EMU student creates powerful niche on Ann Arbor Community Television

EMU student creates powerful niche on Ann Arbor Community Television
Zach Damon hosts "Ann Arbor Inclusive," a show on Ann Arbor's Community Television Network. The program airs monthly.

Lights, cameras and microphones have been a fixture in the life of Eastern Michigan University student Zachary Damon since the age of 16, when he got his first taste of broadcasting at Ann Arbor’s Community Television Network. 

Since then, Damon’s interest in film and broadcasting has led him to host numerous local radio and television shows, including the “Ann Arbor Inclusive” show on the Ann Arbor's Community Television Network. The show, sponsored by The Ann Arbor Commission for Disability Issues, works to inform residents of Ann Arbor about the issues facing people with disabilities and the resources available to them.

The show represents the continued progress that Damon, a junior at Eastern, has made in the very competitive field of broadcasting during his high school and college years.

On camera during high school days

Zach Damon
Zach Damon

Damon, 28, began volunteering as an assistant at CTN in 2003. Before graduating Ann Arbor Pioneer High School in 2005, he launched “The Hot Seat with Zach Damon,” a monthly show focused on local sports and entertainment. While in high school, he was a member of the Pioneer Film and Video Crew assisting with producing and filming the morning announcements on the school's TV station and also competed in varsity wrestling and became an Eagle Scout.

During his work on “The Hot Seat,” Damon conducted on-location interviews with coaches and athletes at the University of Michigan and other leaders in the Ann Arbor community.

“I just want to be able to tell great stories and do good work,” Damon said of his efforts. “Everyone has a story, and I’m simply there to let the Ann Arbor community hear my guests’ stories on the professional and personal levels.”

After high school, in 2005, Damon took a year off to have surgery to straighten his legs. Surgeons in Minnesota had to cut his tibias and fibulas and rotate his legs. He had to learn to walk and in November of that year, he did walk to receive his Eagle Scout Award. He recovered from surgery related to Cerebral Palsy, spastic diplegia, which he had been diagnosed with at six months old.

Damon then enrolled at Washtenaw Community College, where he took an interest in radio and television broadcasting. This interest led him to working at the college’s online radio station, where he deejayed and hosted a sports talk show.

Then came Damon’s first broadcasting job, at Sports Talk 1050 AM, where he worked as a board operator. He went on to work at Ann Arbor’s 107.1 FM, Catholic Radio 990 AM and finally WAAM 1600 AM, culminating in his co-hosting “The Sports Connection with Dave Mitchell.”

“The thing with radio or any broadcasting field is that it can be vary unstable when you're starting out, but you have to be open to change and deviation,” Damon says.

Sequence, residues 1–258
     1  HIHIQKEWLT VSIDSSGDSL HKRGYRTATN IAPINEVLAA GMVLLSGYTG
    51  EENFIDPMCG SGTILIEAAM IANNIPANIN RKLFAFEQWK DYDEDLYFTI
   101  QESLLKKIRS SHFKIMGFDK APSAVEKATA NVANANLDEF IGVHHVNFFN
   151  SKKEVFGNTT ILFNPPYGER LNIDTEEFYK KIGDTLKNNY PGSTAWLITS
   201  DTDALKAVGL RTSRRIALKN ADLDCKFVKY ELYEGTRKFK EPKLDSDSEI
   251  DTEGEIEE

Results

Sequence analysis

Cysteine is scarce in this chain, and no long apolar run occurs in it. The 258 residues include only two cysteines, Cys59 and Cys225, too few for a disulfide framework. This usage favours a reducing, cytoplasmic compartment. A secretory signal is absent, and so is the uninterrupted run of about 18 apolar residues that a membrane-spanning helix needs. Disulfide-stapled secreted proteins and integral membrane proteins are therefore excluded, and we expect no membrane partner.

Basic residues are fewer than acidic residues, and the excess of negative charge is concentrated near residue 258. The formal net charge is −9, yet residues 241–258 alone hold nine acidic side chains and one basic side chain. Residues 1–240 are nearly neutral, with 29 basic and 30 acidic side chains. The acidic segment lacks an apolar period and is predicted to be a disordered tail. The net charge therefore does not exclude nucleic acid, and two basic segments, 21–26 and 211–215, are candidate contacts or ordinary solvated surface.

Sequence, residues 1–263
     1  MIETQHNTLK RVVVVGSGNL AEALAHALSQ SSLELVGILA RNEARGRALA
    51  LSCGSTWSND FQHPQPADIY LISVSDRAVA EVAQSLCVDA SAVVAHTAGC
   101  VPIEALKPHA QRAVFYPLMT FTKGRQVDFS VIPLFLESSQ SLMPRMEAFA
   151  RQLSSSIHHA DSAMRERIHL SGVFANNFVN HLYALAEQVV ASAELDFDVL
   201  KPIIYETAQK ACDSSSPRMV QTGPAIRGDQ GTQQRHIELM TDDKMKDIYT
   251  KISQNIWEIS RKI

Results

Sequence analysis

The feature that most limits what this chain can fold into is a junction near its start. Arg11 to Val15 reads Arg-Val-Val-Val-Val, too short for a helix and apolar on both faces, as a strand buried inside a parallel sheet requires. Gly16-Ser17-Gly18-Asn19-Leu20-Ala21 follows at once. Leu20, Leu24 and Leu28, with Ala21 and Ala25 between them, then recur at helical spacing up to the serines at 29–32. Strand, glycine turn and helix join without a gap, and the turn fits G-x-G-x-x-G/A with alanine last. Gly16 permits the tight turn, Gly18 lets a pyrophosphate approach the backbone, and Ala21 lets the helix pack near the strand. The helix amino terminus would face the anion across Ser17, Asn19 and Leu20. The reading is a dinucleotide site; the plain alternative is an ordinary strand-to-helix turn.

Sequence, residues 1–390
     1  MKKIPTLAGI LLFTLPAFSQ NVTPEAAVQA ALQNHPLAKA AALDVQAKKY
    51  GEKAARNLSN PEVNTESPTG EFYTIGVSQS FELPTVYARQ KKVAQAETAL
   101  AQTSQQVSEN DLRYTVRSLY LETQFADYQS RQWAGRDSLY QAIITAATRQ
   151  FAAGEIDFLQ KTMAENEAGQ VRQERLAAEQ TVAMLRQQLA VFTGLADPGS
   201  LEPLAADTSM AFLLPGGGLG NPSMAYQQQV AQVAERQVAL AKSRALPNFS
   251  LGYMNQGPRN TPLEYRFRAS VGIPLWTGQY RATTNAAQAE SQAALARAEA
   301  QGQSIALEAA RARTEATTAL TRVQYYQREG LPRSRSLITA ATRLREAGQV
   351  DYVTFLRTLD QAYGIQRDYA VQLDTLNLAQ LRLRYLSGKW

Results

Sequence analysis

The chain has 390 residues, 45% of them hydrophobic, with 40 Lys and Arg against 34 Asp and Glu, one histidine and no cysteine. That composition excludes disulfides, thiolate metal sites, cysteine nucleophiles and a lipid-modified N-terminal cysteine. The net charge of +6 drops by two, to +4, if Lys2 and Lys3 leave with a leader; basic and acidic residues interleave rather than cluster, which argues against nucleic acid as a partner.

A career-based decision to enroll at EMU

In 2010, Damon was watching the director’s commentary on the movie “The Shawshank Redemption,” when he heard something that would change his professional direction.

“They were just talking about how you just need to grab opportunities when they come along,” Damon said. “At that point, I sat up and thought, ‘I need a job, I need to find some opportunities; I can do this.’”

It was that thought that led him to deviate from his plan of an immediate career and enroll at EMU to pursue his interest in film and broadcasting.

“I never thought getting a higher education (degree) was something I was interested in, but you have to make opportunities for yourself,” Damon said. “What I like about EMU is that you can achieve your goals if you are just willing to put in the time and effort. If you come in and you know what you want to do, the professors are great about pointing you in the right direction and supporting you.

“What I really love is the hands-on nature of the communications department. I feel I learn best when I am shown something and given the opportunity to try it myself, and the professors in my program are great at this.”

In September 2015, Damon began hosting “Ann Arbor Inclusive,” and now praises his collaborator for its vision in creating the show.

“The Disability Issues Commission has been a great partner on this project,” Damon said. “They came to me with the idea for this show, and I have been so lucky to be able to be involved every step of the way—from set design and the taping schedule to writing the script and selecting the guests.”

“Ann Arbor Inclusive” airs on the city’s Community Television Network the final week of each month, and is archived on the network’s website. 

Asked if his disability plays a role in the production of “Ann Arbor Inclusive,” Damon said that the perspective is helpful in looking at disability issues, but that it should not impact how people view his work.

“I think it helps me inform the public, because I get to ask questions about things I want to know and issues I may not have been aware of without this perspective,” Damon said. “However, I think it is important to note that it doesn’t define my work, or add or detract from my accomplishments. Just like all of the challenges people face, it is just another part of who I am.”

March 15, 2017

Written by:
David Konarski

Media Contact:
Geoff Larcom